§ Sir R. Peel
asked permission to bring in a bill without notice, under rather peculiar circumstances. A bill had been sent from the House of Lords repealing so much of the act that was passed in 1839 as enabled our ships of war to seize Portuguese vessels concerned in carrying on the slave-trade. At the time the bill was introduced the Government had the most confident expectation of receiving a ratification of the treaty lately concluded with Portugal, under which she undertook to effect that which had been the subject of former negotiation and to declare the carrying on of the slave trade to be an act of piracy. The ratification not having arrived as was expected, an act was brought in giving her Majesty in Council the power of suspending that part of the law to which he had referred; subsequently, however, the ratification of the treaty had been received; Portugal had fulfilled all her stipulations; and the bill which he now proposed, instead of giving her Majesty the power to suspend that part of the law, was to repeal it.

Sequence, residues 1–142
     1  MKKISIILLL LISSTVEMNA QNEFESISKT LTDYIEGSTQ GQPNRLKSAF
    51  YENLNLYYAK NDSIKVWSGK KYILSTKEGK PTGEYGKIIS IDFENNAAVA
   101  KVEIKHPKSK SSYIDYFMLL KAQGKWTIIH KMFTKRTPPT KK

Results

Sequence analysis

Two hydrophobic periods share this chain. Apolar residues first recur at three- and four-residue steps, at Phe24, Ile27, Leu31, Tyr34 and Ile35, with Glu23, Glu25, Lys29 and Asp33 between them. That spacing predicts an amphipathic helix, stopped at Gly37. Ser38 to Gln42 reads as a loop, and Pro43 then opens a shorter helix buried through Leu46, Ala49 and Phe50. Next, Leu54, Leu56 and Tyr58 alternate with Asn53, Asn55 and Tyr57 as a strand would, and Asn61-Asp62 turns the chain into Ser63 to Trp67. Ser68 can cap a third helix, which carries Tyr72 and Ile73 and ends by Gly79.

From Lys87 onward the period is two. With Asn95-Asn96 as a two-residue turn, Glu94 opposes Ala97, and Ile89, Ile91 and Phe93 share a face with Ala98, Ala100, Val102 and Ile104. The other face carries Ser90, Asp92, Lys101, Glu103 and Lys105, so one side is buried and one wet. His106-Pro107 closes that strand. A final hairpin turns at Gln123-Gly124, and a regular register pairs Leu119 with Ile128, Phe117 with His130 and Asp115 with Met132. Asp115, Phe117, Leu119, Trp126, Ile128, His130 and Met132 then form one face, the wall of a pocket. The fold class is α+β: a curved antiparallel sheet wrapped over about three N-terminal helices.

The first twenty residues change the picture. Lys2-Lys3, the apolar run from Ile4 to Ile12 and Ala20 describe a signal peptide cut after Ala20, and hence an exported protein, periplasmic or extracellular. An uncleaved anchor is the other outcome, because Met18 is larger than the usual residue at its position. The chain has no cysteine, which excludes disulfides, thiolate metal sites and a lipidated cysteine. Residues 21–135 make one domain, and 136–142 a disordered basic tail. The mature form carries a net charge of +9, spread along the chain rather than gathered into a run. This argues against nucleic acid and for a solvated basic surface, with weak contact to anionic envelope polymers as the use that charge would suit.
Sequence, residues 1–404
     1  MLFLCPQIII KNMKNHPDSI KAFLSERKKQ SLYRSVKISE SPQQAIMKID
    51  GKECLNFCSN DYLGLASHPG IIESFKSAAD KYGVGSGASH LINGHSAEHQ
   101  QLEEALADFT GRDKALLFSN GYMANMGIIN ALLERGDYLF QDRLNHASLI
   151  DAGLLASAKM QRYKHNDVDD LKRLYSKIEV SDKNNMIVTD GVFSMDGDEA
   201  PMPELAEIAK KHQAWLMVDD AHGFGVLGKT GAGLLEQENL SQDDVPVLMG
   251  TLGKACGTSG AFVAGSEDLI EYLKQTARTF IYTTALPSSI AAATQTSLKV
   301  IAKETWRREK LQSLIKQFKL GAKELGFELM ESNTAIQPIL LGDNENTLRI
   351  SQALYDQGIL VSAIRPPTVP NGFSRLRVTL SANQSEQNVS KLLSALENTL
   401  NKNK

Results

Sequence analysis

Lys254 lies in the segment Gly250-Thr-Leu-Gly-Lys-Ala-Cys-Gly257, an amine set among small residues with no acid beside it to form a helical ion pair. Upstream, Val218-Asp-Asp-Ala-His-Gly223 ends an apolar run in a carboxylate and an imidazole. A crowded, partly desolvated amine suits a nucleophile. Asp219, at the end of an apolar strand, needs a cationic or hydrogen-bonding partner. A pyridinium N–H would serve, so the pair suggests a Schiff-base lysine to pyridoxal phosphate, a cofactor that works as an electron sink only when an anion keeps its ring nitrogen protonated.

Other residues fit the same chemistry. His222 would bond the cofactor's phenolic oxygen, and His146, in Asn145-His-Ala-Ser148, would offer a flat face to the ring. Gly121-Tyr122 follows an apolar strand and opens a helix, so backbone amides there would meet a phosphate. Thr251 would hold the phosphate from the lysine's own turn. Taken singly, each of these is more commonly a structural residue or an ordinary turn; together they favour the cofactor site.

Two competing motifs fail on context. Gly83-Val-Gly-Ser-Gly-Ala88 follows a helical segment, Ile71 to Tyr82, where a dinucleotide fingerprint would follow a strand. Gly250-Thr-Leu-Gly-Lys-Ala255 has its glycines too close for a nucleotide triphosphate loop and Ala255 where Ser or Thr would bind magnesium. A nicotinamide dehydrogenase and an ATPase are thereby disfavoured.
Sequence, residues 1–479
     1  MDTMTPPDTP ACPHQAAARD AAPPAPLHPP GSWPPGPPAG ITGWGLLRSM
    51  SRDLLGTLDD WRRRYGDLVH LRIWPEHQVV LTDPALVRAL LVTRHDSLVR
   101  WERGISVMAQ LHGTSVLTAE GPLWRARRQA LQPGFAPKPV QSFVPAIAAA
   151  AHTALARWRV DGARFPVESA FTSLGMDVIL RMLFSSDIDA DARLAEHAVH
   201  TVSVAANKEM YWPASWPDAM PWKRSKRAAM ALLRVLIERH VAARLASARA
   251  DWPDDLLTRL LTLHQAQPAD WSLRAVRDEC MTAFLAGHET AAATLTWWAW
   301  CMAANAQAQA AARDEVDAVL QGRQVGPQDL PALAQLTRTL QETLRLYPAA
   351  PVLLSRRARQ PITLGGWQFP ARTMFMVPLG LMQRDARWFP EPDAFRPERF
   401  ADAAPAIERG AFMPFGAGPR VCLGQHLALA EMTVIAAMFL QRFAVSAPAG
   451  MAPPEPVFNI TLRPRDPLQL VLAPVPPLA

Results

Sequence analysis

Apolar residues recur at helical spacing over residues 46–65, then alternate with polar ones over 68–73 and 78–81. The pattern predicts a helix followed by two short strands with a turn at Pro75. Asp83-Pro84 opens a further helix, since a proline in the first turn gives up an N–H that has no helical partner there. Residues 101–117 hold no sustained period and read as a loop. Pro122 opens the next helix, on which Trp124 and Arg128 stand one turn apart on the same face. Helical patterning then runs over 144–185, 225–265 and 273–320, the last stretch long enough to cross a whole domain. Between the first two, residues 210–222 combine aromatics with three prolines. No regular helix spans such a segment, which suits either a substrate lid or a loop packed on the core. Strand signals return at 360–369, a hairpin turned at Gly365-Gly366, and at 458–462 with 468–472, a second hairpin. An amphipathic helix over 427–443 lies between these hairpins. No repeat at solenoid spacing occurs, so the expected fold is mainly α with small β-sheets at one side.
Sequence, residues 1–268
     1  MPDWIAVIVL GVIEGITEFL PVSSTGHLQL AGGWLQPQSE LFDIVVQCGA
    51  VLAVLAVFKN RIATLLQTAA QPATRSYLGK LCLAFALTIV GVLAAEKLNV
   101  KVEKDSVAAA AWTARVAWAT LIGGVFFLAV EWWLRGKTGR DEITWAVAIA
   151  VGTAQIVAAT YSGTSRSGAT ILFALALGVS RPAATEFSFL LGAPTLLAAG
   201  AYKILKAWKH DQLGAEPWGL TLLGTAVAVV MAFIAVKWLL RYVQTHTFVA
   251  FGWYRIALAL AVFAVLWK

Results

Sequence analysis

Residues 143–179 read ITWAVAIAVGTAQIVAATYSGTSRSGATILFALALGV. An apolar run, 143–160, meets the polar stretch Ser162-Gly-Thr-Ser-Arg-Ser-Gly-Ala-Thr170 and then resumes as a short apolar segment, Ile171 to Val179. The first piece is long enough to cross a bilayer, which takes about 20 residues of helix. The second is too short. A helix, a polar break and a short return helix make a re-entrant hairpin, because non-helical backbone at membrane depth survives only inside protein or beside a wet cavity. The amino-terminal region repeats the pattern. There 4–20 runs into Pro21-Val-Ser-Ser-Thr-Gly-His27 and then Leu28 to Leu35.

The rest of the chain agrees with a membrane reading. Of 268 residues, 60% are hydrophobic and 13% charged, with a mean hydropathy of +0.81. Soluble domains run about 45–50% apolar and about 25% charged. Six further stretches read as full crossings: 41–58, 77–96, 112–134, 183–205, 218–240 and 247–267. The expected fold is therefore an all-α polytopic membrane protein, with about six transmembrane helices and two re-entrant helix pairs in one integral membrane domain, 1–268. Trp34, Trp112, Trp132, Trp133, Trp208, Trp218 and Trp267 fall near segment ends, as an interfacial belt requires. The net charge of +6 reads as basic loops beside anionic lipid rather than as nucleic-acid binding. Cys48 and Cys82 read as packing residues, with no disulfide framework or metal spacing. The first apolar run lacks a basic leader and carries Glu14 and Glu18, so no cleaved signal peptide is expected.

§ Leave given.
§ Bill brought in, read a first and second time.
§ Ordered to be committed.
§ House adjourned at half-past one o'clock,